In the longer term, we should consider wider reforms to education to maximise opportunities for play and self-directed learning. Derry Hannam proposed all state-funded schools, both primary and secondary, allocate 20 per cent of curriculum time to be negotiated around the interests, concerns and questions of the students. The 20 per cent would be used for individual or collaborative self-directed learning, with teachers available as facilitators or ‘experts’ if their services are requested by students. He also suggested that staff could use the time to pursue their own research questions and interests to demonstrate lifelong learning. This seems like a good proposal to me.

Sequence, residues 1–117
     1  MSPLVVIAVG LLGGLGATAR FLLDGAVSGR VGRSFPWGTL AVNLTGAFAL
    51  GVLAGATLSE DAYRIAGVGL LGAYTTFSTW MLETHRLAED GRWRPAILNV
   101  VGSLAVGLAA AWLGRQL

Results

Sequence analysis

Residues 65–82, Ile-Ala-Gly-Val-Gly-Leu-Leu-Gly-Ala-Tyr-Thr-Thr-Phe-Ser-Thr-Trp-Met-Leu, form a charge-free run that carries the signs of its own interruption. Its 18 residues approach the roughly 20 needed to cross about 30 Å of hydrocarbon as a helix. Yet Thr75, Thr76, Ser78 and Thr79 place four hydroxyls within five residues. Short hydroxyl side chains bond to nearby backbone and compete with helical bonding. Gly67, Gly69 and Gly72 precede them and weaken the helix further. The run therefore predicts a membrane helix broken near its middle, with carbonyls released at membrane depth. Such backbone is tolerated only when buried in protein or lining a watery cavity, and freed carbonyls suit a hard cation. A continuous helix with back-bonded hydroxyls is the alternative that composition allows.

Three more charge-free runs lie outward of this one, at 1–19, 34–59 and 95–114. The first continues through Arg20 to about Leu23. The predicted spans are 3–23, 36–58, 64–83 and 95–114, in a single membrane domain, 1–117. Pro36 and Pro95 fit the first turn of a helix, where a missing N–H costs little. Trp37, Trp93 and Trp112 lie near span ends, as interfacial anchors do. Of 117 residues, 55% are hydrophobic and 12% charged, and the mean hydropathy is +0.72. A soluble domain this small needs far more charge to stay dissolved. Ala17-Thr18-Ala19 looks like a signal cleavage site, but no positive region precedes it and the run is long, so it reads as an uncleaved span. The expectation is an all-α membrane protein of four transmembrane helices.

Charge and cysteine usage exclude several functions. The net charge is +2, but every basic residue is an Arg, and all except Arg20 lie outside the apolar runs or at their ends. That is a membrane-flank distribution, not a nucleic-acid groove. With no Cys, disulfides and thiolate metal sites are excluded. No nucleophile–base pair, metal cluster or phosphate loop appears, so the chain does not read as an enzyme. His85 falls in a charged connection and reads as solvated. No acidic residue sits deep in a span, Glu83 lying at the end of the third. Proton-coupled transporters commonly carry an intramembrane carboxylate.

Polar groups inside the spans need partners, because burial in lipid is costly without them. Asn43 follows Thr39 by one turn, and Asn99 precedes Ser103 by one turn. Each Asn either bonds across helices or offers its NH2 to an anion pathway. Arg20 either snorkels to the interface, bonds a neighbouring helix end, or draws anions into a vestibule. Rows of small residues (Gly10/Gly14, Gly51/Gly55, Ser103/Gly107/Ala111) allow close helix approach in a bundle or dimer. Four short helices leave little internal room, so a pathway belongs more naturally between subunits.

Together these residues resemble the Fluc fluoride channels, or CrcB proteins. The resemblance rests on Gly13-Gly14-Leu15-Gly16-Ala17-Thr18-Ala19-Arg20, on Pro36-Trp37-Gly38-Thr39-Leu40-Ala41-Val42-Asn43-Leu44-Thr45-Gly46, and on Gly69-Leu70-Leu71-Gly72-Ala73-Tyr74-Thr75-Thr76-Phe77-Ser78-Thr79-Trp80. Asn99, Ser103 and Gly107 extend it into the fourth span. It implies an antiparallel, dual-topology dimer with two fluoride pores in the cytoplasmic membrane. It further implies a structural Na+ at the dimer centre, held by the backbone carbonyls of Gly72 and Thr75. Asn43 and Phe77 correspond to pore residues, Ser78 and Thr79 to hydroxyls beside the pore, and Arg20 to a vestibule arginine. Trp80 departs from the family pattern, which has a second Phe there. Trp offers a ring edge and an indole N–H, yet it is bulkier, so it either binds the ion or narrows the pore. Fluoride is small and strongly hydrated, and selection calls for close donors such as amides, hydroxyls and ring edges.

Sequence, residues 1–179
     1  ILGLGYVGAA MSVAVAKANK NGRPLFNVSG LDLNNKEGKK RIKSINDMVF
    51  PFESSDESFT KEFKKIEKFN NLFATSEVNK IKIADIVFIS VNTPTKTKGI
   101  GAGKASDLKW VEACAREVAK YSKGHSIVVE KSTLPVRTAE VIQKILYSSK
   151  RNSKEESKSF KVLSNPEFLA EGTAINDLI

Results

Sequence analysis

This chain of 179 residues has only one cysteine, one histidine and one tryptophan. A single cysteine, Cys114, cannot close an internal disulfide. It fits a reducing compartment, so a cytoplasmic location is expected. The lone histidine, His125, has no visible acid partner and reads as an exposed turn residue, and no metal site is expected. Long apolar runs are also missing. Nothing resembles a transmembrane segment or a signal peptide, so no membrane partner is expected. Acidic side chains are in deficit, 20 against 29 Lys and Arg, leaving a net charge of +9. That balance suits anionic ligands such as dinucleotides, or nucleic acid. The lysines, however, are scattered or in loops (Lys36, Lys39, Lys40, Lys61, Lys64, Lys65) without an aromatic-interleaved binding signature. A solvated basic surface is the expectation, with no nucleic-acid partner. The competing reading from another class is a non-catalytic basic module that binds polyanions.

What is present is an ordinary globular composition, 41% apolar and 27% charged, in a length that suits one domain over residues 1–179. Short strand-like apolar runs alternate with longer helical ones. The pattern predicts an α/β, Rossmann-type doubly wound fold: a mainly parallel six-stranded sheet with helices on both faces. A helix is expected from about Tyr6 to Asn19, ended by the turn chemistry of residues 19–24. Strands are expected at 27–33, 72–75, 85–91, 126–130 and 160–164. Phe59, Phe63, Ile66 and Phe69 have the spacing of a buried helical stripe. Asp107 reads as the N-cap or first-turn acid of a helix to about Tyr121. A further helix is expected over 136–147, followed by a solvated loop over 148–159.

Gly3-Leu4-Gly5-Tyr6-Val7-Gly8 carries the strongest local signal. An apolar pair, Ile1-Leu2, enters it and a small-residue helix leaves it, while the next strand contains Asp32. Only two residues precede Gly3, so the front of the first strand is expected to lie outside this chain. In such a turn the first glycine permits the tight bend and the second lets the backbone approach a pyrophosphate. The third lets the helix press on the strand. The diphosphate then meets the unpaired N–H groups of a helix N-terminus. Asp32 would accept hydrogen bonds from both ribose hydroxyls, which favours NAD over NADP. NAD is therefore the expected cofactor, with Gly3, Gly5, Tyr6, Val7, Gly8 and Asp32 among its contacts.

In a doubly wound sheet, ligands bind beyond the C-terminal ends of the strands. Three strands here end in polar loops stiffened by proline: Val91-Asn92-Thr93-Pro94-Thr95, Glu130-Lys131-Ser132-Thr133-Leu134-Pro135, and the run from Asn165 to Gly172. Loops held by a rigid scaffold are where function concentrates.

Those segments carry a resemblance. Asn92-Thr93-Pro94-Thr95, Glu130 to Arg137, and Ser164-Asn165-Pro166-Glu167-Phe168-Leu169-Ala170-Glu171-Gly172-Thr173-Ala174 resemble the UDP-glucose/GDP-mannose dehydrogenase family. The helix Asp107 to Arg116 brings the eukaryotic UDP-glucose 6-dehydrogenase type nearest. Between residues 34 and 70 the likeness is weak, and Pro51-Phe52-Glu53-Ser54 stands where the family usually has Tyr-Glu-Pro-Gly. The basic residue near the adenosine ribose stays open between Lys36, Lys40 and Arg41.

Other models of schooling are already being implemented in England, and around the world which can be learned from.

One final point. I do not want to place a lack of play as the singular cause of mental health problems in children and young people. Addressing complex societal issues would make a significant difference to the well-being of children, such as reducing child poverty, providing secure, good-quality housing and ensuring that all children have their basic physical needs met. However, the importance of play is increasingly recognised as essential to meeting our psychological needs. 

This article and views reflected within it were provided and written by Dr. Jaspar Khawaja, Educational Psychologist.